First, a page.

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What is a COP?

PARIS, France — The crunch climate talks being held in Dubai from November 30 to December 12 will be the 28th such gathering of world leaders under UN auspices known as COPs.

AFP unpacks the workings of the high-level summit, where countries will aim to thrash out a new agreement as accelerating climate change threatens the world with costly and destructive consequences.

COP stands for Conference of the Parties, referring to the 198 parties including the European Union that have signed the United Nations Framework Convention on Climate Change, originally adopted in Brazil in 1992.

COPs have been held every year in different cities since 1995, with the exception of COP26 in Glasgow, which was delayed by a year due to the coronavirus pandemic.

They are numbered in chronological order, with the United Arab Emirates welcoming the world's movers and shakers at COP28 after taking over the presidency from COP27 hosts Egypt.

COPs also exist for other UN conventions and treaties on issues including desertification and biodiversity. 

The long, complex and occasionally acrimonious negotiations between world leaders are supposed to end with a final text, which is often hammered out well past the official deadline.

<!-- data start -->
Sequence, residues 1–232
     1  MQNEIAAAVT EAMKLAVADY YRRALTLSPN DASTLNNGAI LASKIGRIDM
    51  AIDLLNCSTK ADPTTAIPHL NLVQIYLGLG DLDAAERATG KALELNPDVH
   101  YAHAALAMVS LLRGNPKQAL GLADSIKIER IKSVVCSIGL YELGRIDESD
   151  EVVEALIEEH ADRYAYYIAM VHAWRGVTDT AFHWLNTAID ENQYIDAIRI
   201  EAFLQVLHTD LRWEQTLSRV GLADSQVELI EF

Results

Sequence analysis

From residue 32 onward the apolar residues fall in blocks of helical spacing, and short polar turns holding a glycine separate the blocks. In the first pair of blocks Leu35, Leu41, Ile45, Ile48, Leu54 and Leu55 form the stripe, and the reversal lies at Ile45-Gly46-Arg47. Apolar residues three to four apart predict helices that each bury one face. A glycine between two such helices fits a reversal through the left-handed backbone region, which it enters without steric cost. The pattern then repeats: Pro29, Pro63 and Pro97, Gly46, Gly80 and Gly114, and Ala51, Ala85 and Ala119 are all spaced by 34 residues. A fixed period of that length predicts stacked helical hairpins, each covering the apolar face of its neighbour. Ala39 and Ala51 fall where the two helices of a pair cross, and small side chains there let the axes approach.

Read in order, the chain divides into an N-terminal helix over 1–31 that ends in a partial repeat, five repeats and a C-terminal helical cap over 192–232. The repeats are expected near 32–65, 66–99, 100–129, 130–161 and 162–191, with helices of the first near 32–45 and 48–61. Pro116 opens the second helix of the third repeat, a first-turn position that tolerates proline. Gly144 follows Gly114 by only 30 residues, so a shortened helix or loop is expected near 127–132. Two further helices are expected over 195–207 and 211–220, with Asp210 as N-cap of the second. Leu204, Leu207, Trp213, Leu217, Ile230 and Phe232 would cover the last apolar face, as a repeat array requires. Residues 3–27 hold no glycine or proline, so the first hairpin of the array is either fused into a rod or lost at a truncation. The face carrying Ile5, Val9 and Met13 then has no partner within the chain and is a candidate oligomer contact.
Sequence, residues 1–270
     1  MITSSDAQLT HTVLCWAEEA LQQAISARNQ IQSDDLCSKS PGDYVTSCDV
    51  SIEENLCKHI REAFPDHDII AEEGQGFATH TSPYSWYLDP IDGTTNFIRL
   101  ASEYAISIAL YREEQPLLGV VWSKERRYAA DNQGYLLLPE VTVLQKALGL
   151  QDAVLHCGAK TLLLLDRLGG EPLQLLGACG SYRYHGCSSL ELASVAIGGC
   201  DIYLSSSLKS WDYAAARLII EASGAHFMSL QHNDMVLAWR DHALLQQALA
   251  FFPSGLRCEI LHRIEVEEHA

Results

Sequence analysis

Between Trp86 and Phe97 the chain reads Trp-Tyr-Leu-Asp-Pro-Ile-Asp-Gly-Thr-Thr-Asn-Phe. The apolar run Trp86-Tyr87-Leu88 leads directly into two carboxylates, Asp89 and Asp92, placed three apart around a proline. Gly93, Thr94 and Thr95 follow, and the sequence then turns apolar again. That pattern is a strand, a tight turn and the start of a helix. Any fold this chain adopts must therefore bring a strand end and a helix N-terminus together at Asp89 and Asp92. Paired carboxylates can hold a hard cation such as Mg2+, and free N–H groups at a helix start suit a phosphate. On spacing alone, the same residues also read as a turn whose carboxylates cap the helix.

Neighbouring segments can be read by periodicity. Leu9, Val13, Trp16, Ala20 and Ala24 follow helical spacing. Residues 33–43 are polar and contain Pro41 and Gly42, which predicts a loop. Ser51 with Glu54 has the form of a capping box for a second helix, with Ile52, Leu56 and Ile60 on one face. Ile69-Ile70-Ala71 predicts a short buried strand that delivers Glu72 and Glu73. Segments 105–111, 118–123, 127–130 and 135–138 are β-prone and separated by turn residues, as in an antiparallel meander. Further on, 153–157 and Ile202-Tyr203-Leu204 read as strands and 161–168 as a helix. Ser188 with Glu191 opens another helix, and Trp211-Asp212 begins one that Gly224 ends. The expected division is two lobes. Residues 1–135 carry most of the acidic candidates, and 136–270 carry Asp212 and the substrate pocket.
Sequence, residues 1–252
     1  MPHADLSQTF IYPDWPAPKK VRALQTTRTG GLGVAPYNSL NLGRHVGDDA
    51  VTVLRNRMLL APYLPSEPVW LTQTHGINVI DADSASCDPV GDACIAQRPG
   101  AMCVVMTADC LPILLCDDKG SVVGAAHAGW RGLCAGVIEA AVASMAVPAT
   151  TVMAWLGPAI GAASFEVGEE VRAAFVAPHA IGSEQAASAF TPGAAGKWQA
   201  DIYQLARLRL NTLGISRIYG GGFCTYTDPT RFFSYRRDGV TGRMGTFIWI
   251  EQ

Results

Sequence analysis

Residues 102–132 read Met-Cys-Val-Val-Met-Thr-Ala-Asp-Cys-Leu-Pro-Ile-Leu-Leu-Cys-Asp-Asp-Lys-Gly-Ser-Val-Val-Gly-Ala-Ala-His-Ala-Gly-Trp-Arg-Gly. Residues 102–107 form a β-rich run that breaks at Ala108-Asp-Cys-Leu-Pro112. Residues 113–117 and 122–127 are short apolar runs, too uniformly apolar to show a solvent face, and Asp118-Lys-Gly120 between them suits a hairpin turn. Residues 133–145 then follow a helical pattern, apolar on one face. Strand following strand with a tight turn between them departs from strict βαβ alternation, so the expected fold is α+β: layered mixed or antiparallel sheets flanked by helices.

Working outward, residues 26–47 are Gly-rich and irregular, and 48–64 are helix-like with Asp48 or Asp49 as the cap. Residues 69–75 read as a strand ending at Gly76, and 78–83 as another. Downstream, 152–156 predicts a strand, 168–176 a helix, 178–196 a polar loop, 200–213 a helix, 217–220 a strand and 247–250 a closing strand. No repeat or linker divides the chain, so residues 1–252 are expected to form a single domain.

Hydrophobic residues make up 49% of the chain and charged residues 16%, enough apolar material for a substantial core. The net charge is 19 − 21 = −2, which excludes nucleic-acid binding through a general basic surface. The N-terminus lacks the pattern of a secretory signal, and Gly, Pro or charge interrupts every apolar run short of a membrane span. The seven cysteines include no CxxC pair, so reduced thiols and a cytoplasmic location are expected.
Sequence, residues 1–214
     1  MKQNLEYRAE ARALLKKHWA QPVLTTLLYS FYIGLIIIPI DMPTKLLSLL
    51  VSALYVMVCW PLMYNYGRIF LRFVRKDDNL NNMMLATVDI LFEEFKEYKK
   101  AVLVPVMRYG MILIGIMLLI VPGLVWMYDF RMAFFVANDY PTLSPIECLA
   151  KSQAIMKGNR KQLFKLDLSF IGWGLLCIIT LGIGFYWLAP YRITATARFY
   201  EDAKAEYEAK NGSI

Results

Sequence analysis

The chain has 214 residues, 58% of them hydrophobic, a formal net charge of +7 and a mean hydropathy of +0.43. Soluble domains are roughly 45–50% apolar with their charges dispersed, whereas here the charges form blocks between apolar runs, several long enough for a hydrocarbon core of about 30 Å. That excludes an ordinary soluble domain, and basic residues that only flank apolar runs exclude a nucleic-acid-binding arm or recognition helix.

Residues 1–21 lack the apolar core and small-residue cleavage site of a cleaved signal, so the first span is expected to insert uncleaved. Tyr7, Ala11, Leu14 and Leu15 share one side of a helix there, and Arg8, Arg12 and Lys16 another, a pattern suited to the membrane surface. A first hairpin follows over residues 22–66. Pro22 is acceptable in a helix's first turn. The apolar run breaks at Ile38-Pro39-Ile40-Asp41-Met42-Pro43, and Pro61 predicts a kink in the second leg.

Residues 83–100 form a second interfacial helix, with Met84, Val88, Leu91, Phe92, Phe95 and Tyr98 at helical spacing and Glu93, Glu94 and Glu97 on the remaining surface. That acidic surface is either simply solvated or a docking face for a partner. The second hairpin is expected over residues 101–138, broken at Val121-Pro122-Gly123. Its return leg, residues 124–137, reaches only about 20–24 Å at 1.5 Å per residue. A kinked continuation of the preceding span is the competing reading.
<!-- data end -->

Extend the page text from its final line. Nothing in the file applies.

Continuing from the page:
Numerous lobbyists, NGOs, international organisations and other observers gather on the sidelines of the talks.

The agreement must be reached by consensus, meaning different positions and interests have to be reconciled, all while aiming for progress in the fight against climate change.

Outcomes of little substance have emerged from some COPs, in stark contrast with the acceleration of climate change and its increasingly destructive consequences.

Swedish climate activist Greta Thunberg has dismissed COPs as "greenwashing machines", summing up the result of a recent summit as "bla, bla, bla".

In 2009, COP15 in Copenhagen was widely viewed as a failure as no global deal was reached, despite a last-minute text involving the world's two largest economies, the United States and China.

But other editions have a more favourable place in history, notably COP21 in 2015, which gave birth to the historic Paris Agreement that 195 parties have ratified.

The accord was the